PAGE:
There is a theory that is pandered about a lot that some mysterious Sikh general owned this ‘haveli’ and as he had stored gunpowder and ammunition in one section while living in the other, hence it was called Haveli Baroodkhana. This seems to defy common sense. Why would any sensible army officer, let alone a general, store gunpowder in his house and at that in a congested residential area.
If we look at the geography of the main ‘havelis’ starting from Dhian Singh, Jamadar Khushal Singh and Teja Singh, it is clear that they all had not one but several ‘havelis’, mostly running into one another, for in all three cases they had two to four of their brothers and sons also in high army positions with their ‘havelis’ dovetailed. The Haveli Baroodkhana is so named because it was at one end of Bazaar Begum Shahi, which had acquired the name Bazaar Baroodkhana. This new name came about from the ammunition depot that existed in the Begum Shahi Mosque. It had nothing to do with itself being a ‘baroodkhana’, which is an unlikely proposition.
One very plausible opposing theory, which is given in Surjan’s book on ‘Old Lahore’ claims that this was a ‘haveli’ built by the Sikhs and handed over to the French general Claude Auguste Court. Surjan states that Gen. Court’s ammunition depot was between the mosque and Taxali Gate. That is a reasonable fit for this place. But to imagine that a Sikh general also lived there is fairly far-fetched.
This ‘haveli’ was initially taken over by the British in 1849, and acquired in a dilapidated condition in 1870 by a Kashmiri family of Sialkot headed by Mian Karim Bakhsh. They initially were construction contractors and made their fortune from British contracts. They acquired this ‘haveli’ in that process.
Now let me return to Mariam-uz Zamani and the mosque named after her. Here again two versions are afloat. One claims that Mariam-uz Zamani was really from a Portuguese Jesuit family that came to Lahore in the reign of Akbar the Great. She converted to Islam and married Akbar, who gave her the Mariam-uz Zamani, or ‘Mary of the Age’. A recent study in Cambridge on that very Jesuit mission by Dr Carolina Armenteros of the Pontificia Universidad Catolica, Santa Domingo, also claims this based on Portuguese documents.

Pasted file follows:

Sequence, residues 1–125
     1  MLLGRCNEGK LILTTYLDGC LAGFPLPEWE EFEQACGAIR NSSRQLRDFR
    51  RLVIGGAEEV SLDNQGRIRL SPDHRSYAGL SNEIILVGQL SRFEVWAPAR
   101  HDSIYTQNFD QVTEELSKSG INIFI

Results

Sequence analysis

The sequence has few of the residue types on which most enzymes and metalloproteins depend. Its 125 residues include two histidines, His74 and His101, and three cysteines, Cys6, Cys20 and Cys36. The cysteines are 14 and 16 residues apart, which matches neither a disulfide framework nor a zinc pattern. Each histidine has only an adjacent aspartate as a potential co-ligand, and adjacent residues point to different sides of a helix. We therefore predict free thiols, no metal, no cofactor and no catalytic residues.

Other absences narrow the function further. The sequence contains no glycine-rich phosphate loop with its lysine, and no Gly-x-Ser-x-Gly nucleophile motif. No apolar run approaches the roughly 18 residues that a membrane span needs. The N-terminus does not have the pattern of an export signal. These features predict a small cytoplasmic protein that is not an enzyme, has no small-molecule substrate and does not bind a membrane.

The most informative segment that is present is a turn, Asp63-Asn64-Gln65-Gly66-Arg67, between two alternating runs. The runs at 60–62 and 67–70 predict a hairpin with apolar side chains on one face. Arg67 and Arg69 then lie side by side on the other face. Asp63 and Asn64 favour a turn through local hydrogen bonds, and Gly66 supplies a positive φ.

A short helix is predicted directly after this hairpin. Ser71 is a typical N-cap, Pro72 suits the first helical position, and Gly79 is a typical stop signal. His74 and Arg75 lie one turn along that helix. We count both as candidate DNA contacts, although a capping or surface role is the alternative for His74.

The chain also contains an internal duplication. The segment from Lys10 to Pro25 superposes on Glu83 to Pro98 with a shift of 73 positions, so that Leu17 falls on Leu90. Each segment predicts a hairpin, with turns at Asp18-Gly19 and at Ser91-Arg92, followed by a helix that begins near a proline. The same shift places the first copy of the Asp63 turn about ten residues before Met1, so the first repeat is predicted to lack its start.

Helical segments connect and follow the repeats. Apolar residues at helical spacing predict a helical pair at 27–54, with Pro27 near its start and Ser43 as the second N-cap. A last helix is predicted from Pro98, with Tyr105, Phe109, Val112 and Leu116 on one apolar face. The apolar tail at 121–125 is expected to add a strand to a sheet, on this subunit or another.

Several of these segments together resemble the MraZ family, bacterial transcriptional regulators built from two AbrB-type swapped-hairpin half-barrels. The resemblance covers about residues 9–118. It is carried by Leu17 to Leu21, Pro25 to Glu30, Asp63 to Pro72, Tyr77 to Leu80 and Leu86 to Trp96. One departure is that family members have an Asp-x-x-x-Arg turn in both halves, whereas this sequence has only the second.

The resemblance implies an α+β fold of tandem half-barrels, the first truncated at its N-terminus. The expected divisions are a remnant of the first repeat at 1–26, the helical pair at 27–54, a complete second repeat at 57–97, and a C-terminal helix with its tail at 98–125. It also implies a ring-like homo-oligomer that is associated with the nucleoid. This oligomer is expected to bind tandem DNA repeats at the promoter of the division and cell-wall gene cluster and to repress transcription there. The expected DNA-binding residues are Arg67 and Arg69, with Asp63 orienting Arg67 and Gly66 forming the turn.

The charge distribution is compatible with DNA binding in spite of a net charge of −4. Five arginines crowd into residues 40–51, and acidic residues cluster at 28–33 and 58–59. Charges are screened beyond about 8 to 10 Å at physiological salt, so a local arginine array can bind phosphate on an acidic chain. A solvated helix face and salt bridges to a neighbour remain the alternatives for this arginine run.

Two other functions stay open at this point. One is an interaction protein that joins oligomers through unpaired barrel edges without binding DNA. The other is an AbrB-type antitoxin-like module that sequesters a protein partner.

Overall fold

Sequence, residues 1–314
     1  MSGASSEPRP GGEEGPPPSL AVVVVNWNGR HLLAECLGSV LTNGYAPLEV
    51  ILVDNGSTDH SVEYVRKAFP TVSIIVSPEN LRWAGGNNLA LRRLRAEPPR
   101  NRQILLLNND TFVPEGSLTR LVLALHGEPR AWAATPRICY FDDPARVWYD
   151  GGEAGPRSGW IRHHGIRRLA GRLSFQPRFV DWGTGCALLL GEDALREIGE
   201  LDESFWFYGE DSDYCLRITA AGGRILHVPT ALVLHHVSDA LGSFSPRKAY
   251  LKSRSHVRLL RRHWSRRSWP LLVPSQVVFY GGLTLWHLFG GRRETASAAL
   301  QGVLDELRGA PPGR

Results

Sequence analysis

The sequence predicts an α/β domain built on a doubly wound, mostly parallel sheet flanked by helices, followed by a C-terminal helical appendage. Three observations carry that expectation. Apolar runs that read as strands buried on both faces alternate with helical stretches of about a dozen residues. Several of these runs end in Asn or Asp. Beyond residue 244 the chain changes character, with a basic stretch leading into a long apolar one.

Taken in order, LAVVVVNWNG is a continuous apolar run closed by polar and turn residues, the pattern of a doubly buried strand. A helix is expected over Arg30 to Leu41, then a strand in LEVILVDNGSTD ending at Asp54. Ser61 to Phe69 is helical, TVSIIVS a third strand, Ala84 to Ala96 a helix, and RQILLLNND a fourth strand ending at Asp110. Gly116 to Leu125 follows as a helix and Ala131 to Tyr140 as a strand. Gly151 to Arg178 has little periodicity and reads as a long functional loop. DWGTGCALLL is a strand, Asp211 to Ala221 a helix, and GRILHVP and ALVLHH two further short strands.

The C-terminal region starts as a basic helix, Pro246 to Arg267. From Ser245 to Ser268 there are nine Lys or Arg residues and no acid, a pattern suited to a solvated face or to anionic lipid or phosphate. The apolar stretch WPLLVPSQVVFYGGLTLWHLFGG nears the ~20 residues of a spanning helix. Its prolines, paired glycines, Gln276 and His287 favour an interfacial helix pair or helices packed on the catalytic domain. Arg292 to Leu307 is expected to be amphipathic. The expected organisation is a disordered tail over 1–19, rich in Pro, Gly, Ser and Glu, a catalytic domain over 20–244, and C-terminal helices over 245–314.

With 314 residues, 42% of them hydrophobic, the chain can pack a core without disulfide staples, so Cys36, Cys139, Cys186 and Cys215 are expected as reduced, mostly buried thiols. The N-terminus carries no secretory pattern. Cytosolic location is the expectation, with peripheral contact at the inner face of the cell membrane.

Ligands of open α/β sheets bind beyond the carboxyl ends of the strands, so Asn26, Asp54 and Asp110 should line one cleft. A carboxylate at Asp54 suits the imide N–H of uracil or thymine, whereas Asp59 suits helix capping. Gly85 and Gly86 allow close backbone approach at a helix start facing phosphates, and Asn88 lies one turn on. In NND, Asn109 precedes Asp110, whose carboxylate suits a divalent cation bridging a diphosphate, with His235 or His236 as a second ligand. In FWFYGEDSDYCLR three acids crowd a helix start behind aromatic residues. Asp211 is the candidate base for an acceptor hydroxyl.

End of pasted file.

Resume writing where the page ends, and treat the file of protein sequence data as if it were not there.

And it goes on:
However, a lot of Indian history books claim that she was a Rajput princess named Jodha Bai, the daughter of Raja Bihari Mal of Amber in Jaipur, who married Akbar in 1562 and converted to Islam. Another name put forward is Harkhan Champavati of the Kachwahas clan. Her tomb, built by her son Emperor Jahangir in 1623, is in Sikandra, near Agra, next to that of Akbar, and is the nearest to the grave of Akbar compared to all his other wives.
The mosque of Marium-uz Zamani is surrounded on all sides by encroachments to such an extent that it is barely visible from the Lahore Fort’s Akbari Gate. Used tyres shops, as well as car and truck rim shops abound, hiding it from view from the road. It is known as Rim Market. The back portion has warehouses for these goods. Over the years the authorities, all purporting to be pious in intent, ‘threatened’ to remove these encroachments.
The latest such ‘threat’ came from the Walled City of Lahore Authority just four months ago. They were, as is to be expected, just empty slogans and are promises never meant to be kept. The latest promise to remove encroachments and to conserve and restore the mosque has seen a ‘loud’ silence. Probably just another ‘U-turn’.
The current Punjab government is known for ‘silent promises’ with an emphasis on allegedly promoting tourism. If true it could be a sensible strategy. But do they have the time, inclination and resources to restore Lahore’s oldest large mosque? That only time will tell.
Published in Dawn, November 25th, 2018